In the beginning all was wonderful. Dad, daughter and dog made a happy little  family. This particular grand parent was sort of a dog whisperer in that he could train a dog to do just about anything. One of the things he taught "Brownie" to do was to walk Mama to school while she, a petite 4 year old, held  onto his collar. He also taught the dog to  return later in the day to wait at the school gate to walk her home.  Part of this training was because of his schedule.  On some "runs" he would leave home around 4am which left Mama to Brownie's guardianship.  My grandfather would leave her breakfast wrapped in a cloth on the table, have her school clothes laid out on a chair, her shoes polished. Brownie would make sure she got up and got to school  on time with  her lunchbox.

Because he disliked others knowing his business he did not rely on neighbors to look after Mama. He relied on Brownie to look after Mama in his absence. In fact my mother swore he would cuddle the dog before opening the door saying, " Now Brownie, you best take good care of our girl".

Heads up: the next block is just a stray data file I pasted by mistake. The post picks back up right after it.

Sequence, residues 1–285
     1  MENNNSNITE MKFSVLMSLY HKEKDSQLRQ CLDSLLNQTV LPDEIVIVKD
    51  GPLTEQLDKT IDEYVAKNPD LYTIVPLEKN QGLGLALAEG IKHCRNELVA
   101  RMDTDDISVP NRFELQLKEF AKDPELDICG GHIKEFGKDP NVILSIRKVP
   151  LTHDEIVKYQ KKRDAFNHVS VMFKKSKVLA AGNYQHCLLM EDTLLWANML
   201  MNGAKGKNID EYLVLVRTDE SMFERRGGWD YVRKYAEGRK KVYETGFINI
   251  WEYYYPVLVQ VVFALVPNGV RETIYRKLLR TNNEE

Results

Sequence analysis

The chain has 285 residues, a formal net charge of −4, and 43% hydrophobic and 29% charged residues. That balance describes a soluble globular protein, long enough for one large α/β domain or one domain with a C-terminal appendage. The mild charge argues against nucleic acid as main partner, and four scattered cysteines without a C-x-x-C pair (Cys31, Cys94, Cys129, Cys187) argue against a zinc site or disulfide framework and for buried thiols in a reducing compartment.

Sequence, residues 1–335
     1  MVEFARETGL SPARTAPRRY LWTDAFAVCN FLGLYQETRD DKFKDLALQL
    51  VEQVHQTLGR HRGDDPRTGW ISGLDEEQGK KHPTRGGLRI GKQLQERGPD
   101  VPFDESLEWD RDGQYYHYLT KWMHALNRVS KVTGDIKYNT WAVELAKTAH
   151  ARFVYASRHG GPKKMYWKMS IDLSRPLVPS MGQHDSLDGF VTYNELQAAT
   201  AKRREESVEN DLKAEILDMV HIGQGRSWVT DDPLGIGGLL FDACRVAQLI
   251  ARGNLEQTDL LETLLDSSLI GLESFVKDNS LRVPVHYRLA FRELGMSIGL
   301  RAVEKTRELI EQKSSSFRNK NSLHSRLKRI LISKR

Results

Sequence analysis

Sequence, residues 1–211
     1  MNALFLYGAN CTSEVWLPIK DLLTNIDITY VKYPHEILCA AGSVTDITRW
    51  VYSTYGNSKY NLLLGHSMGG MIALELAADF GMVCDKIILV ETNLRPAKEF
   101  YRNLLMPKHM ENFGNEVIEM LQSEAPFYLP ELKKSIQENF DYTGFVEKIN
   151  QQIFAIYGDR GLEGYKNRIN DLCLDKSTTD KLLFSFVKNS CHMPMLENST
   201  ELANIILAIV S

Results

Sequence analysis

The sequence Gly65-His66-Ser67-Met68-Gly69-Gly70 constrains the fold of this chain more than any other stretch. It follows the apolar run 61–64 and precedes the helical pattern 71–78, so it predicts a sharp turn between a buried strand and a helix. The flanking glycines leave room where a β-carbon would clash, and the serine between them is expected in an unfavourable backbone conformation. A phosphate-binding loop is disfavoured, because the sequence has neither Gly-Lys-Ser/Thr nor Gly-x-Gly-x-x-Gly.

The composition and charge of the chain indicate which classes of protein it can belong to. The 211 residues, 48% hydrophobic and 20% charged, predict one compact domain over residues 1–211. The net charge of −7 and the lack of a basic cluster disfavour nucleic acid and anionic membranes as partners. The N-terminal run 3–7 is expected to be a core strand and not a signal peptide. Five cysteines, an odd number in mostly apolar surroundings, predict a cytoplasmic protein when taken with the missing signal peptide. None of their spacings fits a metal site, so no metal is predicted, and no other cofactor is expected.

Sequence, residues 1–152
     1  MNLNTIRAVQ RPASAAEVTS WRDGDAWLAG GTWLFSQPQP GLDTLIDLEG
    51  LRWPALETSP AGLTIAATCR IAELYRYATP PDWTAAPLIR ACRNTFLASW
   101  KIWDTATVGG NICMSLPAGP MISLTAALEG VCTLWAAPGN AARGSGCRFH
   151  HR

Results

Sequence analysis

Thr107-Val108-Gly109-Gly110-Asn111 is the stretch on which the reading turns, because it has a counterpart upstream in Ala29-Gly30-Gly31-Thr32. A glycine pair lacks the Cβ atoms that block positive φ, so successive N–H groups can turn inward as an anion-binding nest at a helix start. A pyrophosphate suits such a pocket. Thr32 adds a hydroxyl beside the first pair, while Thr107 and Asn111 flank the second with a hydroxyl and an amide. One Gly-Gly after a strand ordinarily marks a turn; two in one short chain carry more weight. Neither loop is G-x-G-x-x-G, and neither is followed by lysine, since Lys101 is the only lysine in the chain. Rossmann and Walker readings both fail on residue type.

This apparently worked out pretty well until the schedule changed and my grandfather was moved to a run with one overnight a week. On the new schedule he would be there to see Mama off to school and would be back home by bedtime but, on one night of the week he would be away. In this day  and age, it would be beyond crazy to leave a 4 year old in the custody of a dog anytime, never mind overnight.

But Brownie was not just some dog.


He was a trained companion dog, guardian dog and hunting dog.